Sampson paused for a moment before replying.  "Well, as you know, there have been some attempts to modernize our traditional dance forms.  Mallika Sarabhai or Chandralekha, for instance, have used it to depict modern themes like feminism..."

    "But, usually, they do this only by giving a modern interpretation to a traditional story, like Sarabhai's Draupadi, for example."

    "True.  But, let me ask you a counter-question.  Why should my dance be used to depict what every TV serial shows these days? Why should it engage with contemporary reality?  I think I perform a more meaningful and important service for my audiences.  They leave the performance enhanced, not diminished. Only a classical art form can give you that, no?"

    "Yes, but can't it do both?  I mean, why can't it be contemporary as well as traditional.  Why should there be this break, this barrier between them?  I know, of course, that Tagore's or Bharati's works have been performed in Bharatanatyam. They were contemporary poets, so you see it can be done.  But not very often."

    "What you're asking for is very, very difficult," Samson said with a sigh.  "Kumar Gandharva could do it.  He could innovate so effectively as to evolve a new style of singing.  But how many Kumar Gandharvas have there been?"

          The conversation ended there, the issue remained in a state of suspension, without our differences were not fully resolved.

          Both these anecdotes illustrate what I have been trying to show in this first section:  the great difficulty, if not impossibility, of combining and harmonizing tradition and modernity.  In literature, this is especially the case because the break between the two was most definite and far-reaching. The colonial intervention forever served a death-knell to the older kind of sacred literature and, indeed, the society which supported it.  In its place, secular modernity, aided by the printing press and the invention of modern prose, gave rise to what the British called our vernaculars.  The literature written in these new languages was usually modelled on European works and its content was totally different from that of traditional literature.  The difficulty for me as a creative writer is how to bring to my work the sense of the sacred which is available in my past but not in my present?  At the same time, the other problem is that even if writing in a purely traditional manner were possible, how is one to engage with contemporary reality in a contemporary idiom?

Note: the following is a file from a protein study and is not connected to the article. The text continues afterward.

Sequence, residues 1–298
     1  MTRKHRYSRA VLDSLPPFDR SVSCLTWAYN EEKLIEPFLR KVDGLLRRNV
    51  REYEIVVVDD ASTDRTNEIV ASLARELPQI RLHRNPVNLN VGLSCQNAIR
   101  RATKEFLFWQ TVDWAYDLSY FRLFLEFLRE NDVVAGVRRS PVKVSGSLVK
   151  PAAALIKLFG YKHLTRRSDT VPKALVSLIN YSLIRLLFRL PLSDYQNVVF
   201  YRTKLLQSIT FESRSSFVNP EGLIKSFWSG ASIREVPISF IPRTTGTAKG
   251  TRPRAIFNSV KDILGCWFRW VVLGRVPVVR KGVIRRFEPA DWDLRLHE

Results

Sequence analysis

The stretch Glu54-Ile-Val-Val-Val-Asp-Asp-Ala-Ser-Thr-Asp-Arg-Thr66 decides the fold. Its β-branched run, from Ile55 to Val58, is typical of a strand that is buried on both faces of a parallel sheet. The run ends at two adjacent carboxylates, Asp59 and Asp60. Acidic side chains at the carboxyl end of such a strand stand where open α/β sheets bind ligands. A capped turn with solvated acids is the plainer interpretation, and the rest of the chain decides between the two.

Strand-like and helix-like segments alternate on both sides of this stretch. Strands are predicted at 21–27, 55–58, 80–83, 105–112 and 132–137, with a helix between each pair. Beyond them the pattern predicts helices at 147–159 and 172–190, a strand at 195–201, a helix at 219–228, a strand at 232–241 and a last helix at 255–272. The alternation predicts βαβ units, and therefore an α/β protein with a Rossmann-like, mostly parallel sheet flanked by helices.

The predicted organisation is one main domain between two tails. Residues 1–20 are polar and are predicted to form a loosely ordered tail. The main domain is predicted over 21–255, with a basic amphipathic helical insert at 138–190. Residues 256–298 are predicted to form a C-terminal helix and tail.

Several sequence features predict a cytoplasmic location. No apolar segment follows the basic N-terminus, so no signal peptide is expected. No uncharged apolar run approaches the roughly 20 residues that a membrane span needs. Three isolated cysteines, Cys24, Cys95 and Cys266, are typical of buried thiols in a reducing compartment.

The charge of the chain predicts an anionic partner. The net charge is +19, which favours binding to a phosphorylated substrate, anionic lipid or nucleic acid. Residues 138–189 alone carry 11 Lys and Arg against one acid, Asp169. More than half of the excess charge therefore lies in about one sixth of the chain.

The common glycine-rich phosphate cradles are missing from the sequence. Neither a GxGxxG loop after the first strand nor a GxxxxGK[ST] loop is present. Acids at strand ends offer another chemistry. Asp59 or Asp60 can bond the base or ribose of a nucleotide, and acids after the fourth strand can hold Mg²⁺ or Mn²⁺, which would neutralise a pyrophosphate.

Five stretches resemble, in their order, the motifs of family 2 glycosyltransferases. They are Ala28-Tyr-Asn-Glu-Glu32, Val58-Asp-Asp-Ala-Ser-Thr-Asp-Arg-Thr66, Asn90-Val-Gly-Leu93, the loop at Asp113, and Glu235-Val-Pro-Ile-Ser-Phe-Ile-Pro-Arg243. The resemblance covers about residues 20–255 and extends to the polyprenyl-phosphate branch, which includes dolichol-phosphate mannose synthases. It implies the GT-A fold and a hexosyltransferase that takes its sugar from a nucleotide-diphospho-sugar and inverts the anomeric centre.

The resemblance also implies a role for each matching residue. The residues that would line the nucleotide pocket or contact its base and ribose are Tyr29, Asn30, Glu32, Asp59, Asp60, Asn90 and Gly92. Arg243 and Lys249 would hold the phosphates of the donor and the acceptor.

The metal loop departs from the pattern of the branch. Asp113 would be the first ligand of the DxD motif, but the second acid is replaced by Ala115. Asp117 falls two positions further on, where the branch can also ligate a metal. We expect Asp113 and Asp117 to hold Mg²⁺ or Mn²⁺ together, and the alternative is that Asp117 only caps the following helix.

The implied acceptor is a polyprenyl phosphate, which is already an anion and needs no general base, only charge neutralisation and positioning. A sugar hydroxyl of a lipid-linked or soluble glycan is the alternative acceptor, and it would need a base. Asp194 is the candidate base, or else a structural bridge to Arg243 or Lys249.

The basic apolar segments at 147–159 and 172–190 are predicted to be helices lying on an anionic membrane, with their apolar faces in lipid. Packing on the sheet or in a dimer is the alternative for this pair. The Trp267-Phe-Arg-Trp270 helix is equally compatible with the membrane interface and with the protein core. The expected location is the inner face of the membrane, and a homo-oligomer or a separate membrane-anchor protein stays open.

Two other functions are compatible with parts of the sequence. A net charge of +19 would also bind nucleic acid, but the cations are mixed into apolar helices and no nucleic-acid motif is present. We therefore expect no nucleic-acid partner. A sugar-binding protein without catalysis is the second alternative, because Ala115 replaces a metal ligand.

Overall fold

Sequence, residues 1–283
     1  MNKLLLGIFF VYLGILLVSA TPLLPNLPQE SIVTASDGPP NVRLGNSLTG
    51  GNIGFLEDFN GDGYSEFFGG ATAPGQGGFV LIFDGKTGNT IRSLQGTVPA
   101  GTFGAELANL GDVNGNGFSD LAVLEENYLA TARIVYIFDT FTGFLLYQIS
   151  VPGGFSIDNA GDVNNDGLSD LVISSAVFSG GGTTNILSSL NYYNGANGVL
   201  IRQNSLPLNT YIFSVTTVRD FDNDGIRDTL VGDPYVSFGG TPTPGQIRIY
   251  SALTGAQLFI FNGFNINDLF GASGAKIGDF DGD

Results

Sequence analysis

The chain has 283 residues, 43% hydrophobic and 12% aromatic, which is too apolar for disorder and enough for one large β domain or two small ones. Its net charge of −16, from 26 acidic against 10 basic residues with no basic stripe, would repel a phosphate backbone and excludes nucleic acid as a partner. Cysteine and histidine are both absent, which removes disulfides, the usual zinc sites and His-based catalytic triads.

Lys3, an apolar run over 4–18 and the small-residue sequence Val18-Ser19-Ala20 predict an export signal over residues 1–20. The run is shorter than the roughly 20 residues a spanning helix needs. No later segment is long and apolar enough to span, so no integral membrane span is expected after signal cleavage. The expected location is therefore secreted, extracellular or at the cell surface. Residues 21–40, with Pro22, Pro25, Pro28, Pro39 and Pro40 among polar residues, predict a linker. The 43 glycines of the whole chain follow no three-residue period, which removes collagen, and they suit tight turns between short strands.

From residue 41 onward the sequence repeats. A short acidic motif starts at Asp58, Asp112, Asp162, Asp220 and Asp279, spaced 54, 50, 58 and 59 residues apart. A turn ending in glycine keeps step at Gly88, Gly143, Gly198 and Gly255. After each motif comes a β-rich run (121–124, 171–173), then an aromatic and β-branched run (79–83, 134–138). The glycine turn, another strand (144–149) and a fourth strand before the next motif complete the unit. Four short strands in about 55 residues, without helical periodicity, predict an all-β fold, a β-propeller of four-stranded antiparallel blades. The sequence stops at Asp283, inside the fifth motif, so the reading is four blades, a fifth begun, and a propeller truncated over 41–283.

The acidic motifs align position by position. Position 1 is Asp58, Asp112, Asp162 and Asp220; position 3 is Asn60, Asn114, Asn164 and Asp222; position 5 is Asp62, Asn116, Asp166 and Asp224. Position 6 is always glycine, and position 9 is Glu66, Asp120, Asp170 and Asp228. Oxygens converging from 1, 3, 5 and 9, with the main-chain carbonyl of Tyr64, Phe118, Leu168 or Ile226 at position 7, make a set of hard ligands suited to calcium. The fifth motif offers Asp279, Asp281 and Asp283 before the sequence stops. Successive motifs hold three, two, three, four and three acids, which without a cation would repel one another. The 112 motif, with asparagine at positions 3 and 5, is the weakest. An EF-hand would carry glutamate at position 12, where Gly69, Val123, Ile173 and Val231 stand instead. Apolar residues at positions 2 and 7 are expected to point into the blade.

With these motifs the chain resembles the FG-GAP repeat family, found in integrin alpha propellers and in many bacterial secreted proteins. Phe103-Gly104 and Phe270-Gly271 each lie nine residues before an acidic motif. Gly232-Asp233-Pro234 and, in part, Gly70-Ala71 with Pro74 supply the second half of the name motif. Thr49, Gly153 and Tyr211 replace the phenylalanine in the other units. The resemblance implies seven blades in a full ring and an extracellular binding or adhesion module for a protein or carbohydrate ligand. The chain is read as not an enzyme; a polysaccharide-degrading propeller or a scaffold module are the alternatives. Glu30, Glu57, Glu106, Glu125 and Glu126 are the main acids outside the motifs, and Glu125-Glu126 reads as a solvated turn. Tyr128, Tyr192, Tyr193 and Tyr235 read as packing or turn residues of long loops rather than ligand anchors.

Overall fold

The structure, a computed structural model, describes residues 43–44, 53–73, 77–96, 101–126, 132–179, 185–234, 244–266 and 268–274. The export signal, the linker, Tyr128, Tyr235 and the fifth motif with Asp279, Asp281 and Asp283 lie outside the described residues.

Rather later in my career I have realized that both these options are possible, that there are one or two brave souls who have done it. In poetry the name of Sri Aurobindo comes to mind immediately. Savitri, one of the longest poems in English, is also perhaps the only contemporary epic which is read and recited daily in the same way as a traditional sacred text would be.  It is indeed regarded as a modern Veda by the devotees of Sri Aurobindo and the Mother.  T. S. Eliot also tried to produced sacred literature in modern times; at first all he could do was to offer us The Wasteland, but later in “Ash Wednesday” and Four Quartets, something of the sacred is restored.  Yet, Eliot's works, though universally acclaimed, are still literary texts, whereas Sri Aurobindo's, though known and admired by only a few, have acquired the status of sacred books.  Similarly, in fiction, the name that comes most readily to mind is Raja Rao.  The Serpent and the Rope, Cat and Shakespeare, and The Chessmaster and His Moves are all about a quest for the Ultimate Reality.  In that sense, for Raja Rao, all writing is sadhana, a means for self-perfection.  The reader may also choose to view it in that fashion, but if not, the writer remains unconcerned, writing primarily for himself and his Absolute.  I am sure similar examples from other Indian language literatures may be offered.

          Yet, at least for me, the problem remains, though in a modified form.  Which one of us would like to write like Sri Aurobindo or Raja Rao--the two are of course very different in themselves--even if he or she could?  Instead, everyone wishes to write like Salman Rushdie or Vikram Seth or, to mention a more recent example, Arundhati Roy.  In The Narrator I tried to write a clever contemporary book which actually camouflaged a traditional perspective on life.  The result was a hodgepodge which failed to satisfy either faction.  A typical reaction came from a young admirer who exclaimed, "What a strange book you've written--the less said about it the better!"